Midwifery ‘professional uses’ with team eMORA

Sally Freeman, Sheffield Hallam University & Marcela Watkinson, University of Derby

Team eMORA (Midwifery) from Sheffield Hallam University and University of Derby on ‘professional uses’. This recording is from our 2022 MiniBash community event which was hosted in Birmingham, England. Videos are for educational personnel only and require a live educational email to watch. You can read a small snippet of the video transcript below. 


Hi everybody. It’s great to see so many of you and I have seen quite a lot of you on Zoom before now. And that includes people that work at Sheffield Hallam that I’ve never met before. So I’ve just seen someone, oh hi, as they walk past it. 

It’s just so great. And today is the first time I’ve met Marcella and we’ve been in weekly meetings for about 9 months but never met until today. So, it was really lovely to meet today. 

So, what we’re going to talk about is how the project developed and a little bit about its implementation into practice and how it’s going so far because Sheffield Hallam, my students would say they were guinea pigs. I would say they were trailblazers because we were the first institution to use the eMORA. 

So we used it for a year, and we kept giving sort of live feedback and making amendments as we went along. So I will just move along a little bit.  

So, midwifery is a very strange occupation. We put our hands in places that other people have never dreamt about. We’re always quite vocal. That isn’t a requirement to be a midwife, but we always tend to be. But the NMC in 2019 developed new midwifery proficiencies. Before that, they were always called competencies, so that was the first thing that caught us out. And they developed 280 proficiencies which students have to achieve in their third year. That’s a lot of stuff to get signed off.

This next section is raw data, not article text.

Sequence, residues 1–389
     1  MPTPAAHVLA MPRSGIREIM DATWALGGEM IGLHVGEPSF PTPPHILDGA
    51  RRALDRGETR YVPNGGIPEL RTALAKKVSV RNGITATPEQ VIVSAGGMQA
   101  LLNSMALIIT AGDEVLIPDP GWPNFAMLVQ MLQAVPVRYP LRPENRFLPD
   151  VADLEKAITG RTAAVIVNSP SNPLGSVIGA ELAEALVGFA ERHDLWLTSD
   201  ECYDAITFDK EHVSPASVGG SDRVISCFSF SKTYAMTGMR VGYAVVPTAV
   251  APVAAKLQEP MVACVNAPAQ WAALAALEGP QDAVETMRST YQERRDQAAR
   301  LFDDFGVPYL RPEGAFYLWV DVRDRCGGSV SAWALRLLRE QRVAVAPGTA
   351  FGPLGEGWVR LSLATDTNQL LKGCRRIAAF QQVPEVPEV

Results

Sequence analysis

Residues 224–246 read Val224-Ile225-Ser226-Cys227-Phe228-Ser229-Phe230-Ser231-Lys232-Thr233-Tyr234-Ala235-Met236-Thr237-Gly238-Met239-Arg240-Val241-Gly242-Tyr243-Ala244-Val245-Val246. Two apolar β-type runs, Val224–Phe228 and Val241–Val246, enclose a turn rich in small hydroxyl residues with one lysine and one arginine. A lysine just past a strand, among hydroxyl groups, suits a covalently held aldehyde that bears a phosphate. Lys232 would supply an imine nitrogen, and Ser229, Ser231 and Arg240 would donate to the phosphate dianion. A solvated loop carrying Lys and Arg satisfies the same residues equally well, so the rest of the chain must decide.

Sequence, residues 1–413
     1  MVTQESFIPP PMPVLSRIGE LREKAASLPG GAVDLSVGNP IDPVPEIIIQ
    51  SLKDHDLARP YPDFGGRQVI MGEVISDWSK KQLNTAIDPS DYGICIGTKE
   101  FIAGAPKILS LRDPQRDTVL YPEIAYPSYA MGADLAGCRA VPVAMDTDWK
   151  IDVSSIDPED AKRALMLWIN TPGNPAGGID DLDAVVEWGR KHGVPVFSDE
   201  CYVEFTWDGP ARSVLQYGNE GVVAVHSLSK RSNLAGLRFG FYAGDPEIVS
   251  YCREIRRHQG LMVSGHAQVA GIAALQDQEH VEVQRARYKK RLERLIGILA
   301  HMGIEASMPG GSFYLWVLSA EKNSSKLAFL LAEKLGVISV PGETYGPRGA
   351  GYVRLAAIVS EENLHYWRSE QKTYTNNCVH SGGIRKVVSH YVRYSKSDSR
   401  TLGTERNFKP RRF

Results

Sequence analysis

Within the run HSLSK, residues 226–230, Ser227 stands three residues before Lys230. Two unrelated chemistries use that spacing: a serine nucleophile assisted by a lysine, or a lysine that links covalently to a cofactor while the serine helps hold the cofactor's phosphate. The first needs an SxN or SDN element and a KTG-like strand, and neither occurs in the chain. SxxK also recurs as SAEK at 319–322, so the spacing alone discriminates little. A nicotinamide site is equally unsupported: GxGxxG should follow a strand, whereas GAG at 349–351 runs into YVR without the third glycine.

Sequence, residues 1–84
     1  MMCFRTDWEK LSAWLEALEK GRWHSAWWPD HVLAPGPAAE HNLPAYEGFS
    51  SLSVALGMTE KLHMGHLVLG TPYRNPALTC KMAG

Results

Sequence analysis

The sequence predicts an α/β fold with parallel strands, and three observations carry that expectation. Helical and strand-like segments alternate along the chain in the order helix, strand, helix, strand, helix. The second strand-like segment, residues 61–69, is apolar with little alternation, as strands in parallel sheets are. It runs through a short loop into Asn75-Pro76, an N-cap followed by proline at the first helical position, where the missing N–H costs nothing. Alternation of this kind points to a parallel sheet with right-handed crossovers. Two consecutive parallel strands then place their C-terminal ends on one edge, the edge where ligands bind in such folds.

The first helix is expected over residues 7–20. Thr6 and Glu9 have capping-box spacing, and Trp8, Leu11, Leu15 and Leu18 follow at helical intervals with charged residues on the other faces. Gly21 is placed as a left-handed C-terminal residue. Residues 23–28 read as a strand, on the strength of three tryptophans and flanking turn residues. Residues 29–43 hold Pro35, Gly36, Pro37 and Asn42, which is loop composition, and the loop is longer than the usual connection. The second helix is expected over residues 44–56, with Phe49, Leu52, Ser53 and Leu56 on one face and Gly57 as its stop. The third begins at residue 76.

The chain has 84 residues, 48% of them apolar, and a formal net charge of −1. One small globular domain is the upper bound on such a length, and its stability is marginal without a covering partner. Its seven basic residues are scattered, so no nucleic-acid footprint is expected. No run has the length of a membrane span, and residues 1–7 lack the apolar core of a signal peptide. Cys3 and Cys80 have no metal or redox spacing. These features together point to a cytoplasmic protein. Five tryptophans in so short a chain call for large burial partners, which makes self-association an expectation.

And so our practice partners always had a paper document, so for us to suddenly say, well, we’re not having paper anymore, we’re just having an electronic document. They were a bit like, well, I don’t know how that’s going to work. So I’ll tell you how it works really. 

Students also have to gain so many personal births, so many antenatal examinations, etc. 

And so, people that don’t understand midwifery think we do an awful lot of counting, and I can absolutely assure you, yes, we do. Because if they don’t get those numbers, they can’t be a midwife, and even though we’ve left the EU, they’re still referred to as EU numbers. 

So the big document is really about recording and evidencing what the students have done. 

So it’s complicated. Midwifery and nursing are different occupations, I’m both so I feel that I’ve got a foot in both camps. But nurses don’t have to count the number of things that midwives do. And we do get a little bit obsessed about counting things. 

So, the evidence seen within the eMORA is fabulous because it doesn’t go away. It can’t get lost, it can’t get stolen, it’s just there, it’s a permanent thing. It also means that when they’ve qualified, they can take it with them. So they can look back on the birth that they had on the 4th of April in 2020 or whenever it might have been. So it’s a really nice thing to keep. 




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